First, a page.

Nikos Kazantzakis From Wikipedia, the free encyclopedia
When Kazantzakis was born, Crete was still under the rule of the Ottoman Empire. His surname, Kazantzakis, derives from a Turkish word Kazancı as in Kazantzidis. Kazan means a cauldron in Turkish and -cı is an agent suffix similar to "-er" in English. Thus, Kazancı means someone who produces, repairs, and/or sells cauldrons.
From 1902 Kazantzakis studied law at the University of Athens, then went to Paris in 1907 to study philosophy. Here he fell under the influence of Henri Bergson.
Upon his return to Greece, he began translating works of philosophy. In 1914 he met Angelos Sikelianos. Together they travelled for two years in places where Greek Orthodox Christian culture flourished, largely influenced by the enthusiastic nationalism of Sikelianos.
Kazantzakis married Galatea Alexiou in 1911; they divorced in 1926. He married Eleni Samiou in 1945. Between 1922 and his death in 1957, he sojourned in Paris and Berlin (from 1922 to 1924), Italy, Russia (in 1925), Spain (in 1932), and then later in Cyprus, Aegina, Egypt, Mount Sinai, Czechoslovakia, Nice (he later bought a villa in nearby Antibes, in the Old Town section near the famed seawall), China, and Japan.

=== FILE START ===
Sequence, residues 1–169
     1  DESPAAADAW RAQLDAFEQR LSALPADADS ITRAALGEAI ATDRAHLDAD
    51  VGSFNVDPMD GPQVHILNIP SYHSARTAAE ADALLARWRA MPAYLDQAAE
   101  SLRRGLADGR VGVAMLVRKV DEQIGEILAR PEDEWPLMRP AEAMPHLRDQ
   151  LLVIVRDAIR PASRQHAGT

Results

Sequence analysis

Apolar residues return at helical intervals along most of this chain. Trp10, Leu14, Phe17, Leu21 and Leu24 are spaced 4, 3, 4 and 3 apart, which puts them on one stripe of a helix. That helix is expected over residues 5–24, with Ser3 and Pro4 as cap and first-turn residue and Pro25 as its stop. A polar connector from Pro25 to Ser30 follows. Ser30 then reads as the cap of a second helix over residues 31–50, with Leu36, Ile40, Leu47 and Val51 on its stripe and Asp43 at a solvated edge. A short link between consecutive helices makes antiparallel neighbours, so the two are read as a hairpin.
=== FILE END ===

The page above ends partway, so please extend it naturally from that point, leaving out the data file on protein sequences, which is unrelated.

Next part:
While in Berlin, where the political situation was explosive, Kazantzakis discovered communism and became an admirer of Lenin. He never became a consistent communist, but visited the Soviet Union and stayed with the Left Opposition politician and writer Victor Serge. He witnessed the rise of Joseph Stalin, and became disillusioned with Soviet-style communism. Around this time, his earlier nationalist beliefs were gradually replaced by a more universal ideology.
In 1945, he became the leader of a small party on the non-communist left, and entered the Greek government as Minister without Portfolio. He resigned this post the following year.
In 1946, The Society of Greek Writers recommended that Kazantzakis and Angelos Sikelianos be awarded the Nobel Prize for Literature. In 1957, he lost the Prize to Albert Camus by one vote. Camus later said that Kazantzakis deserved the honour "a hundred times more" than himself.
Late in 1957, even though suffering from leukemia, he set out on one last trip to China and Japan. Falling ill on his return flight, he was transferred to Freiburg, Germany, where he died. He is buried on the wall surrounding the city of Heraklion, because the Orthodox Church ruled out his being buried in a cemetery. His epitaph reads "I hope for nothing. I fear nothing. I am free." (Δεν ελπίζω τίποτα. Δε φοβάμαι τίποτα. Είμαι λέφτερος.)